NEW YORK • To gain a better understanding of Mr Donald Trump's holdings and debt, The New York Times engaged RedVision Systems, a national property information firm, to search publicly available data on more than 30 properties in the United States.
That Mr Trump seems to have so much less debt on his disclosure form than what NYT found is not his fault, but rather a function of what the form asks candidates to list and how.
The form, released by the Federal Election Commission, asks that candidates list assets and debts not in precise numbers, but in ranges that top out at US$50 million (S$67 million) - appropriate for most candidates, but not for Mr Trump. Through its examination, NYT was able to discern the amount of debt taken out on each property and its ownership structure.
At 40 Wall Street in New York, a limited liability company controlled by Mr Trump holds the lease for the land on which the building stands. Last year, he borrowed US$160 million from Ladder Capital using that long-term lease as collateral. On his financial disclosure form, that debt is listed as valued at more than US$50 million.
Mr Allen Weisselberg, chief financial officer of the Trump Organisation, said Mr Trump could have left the liability section on the form blank because federal law requires that presidential candidates disclose personal liabilities, not corporate debt. Mr Trump, he said, has no personal debt.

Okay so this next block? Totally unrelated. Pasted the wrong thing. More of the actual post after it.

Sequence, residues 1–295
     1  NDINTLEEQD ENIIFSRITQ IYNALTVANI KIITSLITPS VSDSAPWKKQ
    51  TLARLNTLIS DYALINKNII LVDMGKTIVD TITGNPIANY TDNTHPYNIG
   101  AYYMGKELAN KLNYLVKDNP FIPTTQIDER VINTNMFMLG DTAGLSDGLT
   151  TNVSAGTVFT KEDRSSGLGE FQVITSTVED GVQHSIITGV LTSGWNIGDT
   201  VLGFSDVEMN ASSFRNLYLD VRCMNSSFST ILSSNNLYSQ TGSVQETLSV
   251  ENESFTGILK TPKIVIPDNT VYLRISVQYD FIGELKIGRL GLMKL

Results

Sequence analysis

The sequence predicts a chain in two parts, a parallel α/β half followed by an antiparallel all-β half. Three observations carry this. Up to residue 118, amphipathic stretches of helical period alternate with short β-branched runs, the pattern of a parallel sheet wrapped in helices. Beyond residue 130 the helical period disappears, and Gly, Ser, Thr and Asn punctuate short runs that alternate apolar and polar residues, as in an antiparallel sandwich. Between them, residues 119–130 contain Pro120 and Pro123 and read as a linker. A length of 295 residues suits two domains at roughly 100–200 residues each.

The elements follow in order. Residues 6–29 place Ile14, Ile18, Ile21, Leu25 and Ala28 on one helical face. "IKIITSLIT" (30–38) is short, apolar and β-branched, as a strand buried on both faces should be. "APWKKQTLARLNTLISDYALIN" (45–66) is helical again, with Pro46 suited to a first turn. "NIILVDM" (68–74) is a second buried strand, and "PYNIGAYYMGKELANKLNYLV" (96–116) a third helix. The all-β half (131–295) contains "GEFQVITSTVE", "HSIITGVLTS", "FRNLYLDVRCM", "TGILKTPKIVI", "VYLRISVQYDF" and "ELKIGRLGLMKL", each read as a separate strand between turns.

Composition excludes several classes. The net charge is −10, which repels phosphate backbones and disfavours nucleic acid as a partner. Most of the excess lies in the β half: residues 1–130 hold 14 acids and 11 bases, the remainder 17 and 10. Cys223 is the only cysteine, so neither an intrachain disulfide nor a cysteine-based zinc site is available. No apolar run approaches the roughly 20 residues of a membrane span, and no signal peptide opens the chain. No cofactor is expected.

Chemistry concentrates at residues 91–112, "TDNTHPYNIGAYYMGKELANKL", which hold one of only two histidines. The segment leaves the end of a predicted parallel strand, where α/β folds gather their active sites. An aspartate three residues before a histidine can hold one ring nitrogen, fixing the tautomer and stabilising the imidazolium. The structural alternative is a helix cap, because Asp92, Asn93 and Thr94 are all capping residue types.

"We overdisclosed," Mr Weisselberg said, explaining that when a Trump company owned 100 per cent of a property, all of the associated debt was disclosed, something that he said went beyond what the law required. For properties where a Trump company owned less than 100 per cent of a building, he said, those debts were not disclosed.
Mr Trump, for example, has a 50 per cent stake in the Trump International Hotel Las Vegas. In 2010, the company that owns the hotel refinanced a US$190 million loan, according to Real Capital Analytics, a commercial real estate data and analytics firm.
Mr Weisselberg said a Trump entity was responsible for half the debt, and all but US$6.4 million of the loan had been paid off.
NYT found three other instances in which Mr Trump had an ownership interest in a building but did not disclose the debt associated with it. In all three cases, he had passive investments in limited liability companies that had borrowed significant amounts of money.
One of these investments involves an office tower at 1290 Avenue of Americas. In a typically complex deal, loan documents show that four lenders agreed in November 2012 to lend US$950 million to the three companies that own the building. Those companies are owned by three other companies in which Mr Trump has stakes. Ultimately, through his investments, Mr Trump is a 30 per cent owner of the building, records show.
He also has a 4 per cent partnership interest in a company that has an interest in a large Brooklyn housing complex and owes roughly US$410 million to Wells Fargo, according to Bloomberg data.
The full terms of his limited partnerships are not known. Mr Weisselberg said that neither Mr Trump nor the company was responsible for the debt associated with the limited partnerships. Mr Trump, he added, was liable for a "small percentage of the corporate debt" listed on the federal filing, but he would not elaborate.
NEW YORK TIMES